“A lot of schools have a MTSS for academics and behavior, but integrating an MTSS around mental health and social-emotional learning is what we’re really doing with the AWARE grant,” Ellis said.

Ada Public Schools counselor Ali Lawson said that changing demographics in her district have revealed a high need for these mental health services.

“We’re seeing a whole lot more mental health issues because of being homeless or not having enough money to pay the electric bill or water bill,” Lawson said.

‘Our student needs are very high’

The Oklahoma Prevention Needs Assessment, a survey given to students in sixth, eighth, 10th and 12th grades, measures mental health needs in students as well as tendencies toward behaviors such as bullying, violence, drugs and alcohol.

Amy Whitewater, the Project AWARE community manager for Woodward Public Schools, said a shortage of school counselors and licensed health practitioners, combined with the district’s scores on the assessment, made Woodward Public Schools a prime candidate for the grant in 2018.

“One of the goals of Project AWARE is to increase those numbers of those different professionals within not just the school district, but the community,” she said. “Our student needs are very high.”

At the onset of the grant, Woodward hired a local licensed clinical social worker to act as their Project AWARE counselor on a referral basis, with the grant paying for the full service cost or co-pay for services.

“If a principal or counselor feels like they have a student who needs some extra support that the school counselor can’t provide, they’ll send a referral for her to see that student,” Whitewater said.

The Project AWARE counselor will get parental consent and meet with the student to determine what their needs are. If needed, she will meet with those students once a week at school or virtually. If her schedule gets too full, she will refer the student to another local provider.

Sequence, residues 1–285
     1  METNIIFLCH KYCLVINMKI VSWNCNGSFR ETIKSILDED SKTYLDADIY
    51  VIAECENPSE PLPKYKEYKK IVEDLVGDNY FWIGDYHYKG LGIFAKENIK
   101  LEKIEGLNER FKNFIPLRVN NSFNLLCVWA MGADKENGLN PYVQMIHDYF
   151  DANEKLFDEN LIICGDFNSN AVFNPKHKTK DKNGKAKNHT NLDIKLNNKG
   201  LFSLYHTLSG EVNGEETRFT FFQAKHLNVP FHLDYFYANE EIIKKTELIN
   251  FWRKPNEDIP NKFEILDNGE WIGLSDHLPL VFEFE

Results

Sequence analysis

“She had 143 referrals last year,” Whitewater said. “That’s a lot of kids who needed services and a lot of kids that, before this grant, probably wouldn’t have gotten the services that they needed.”

Whitewater said one of the biggest changes with the Project AWARE grant is that every faculty and staff member must complete the Youth Mental Health First Aid training. Nearly 400 faculty members at Woodward schools have completed the program since Project AWARE began.

“The training helps them better understand a mental health crisis in a student, how to recognize that red-flag behavior and how to implement what we would call classroom first aid,” she said.

Educators are trained in how to assess whether a student may be experiencing a mental health crisis or developing the symptoms of a mental health condition. They are trained to bring the situation to the attention of a counselor.

“Basically, it teaches adults signs and symptoms to look for to get the kids the help that they need,” Lawson said. “Looking at typical adolescent behavior versus what could be a mental health issue.”

Whitewater said the implementation of community nights through the AWARE grant has also been beneficial in fighting the stigma associated with mental health issues. These events involve bringing in guest speakers and other activities to the community that elevate conversations about mental health.

“One of our big goals is to help reduce and eliminate that stigma that is associated with seeking out help for mental health,” she said.

‘We’ve seen a huge increase in requests for mental health services’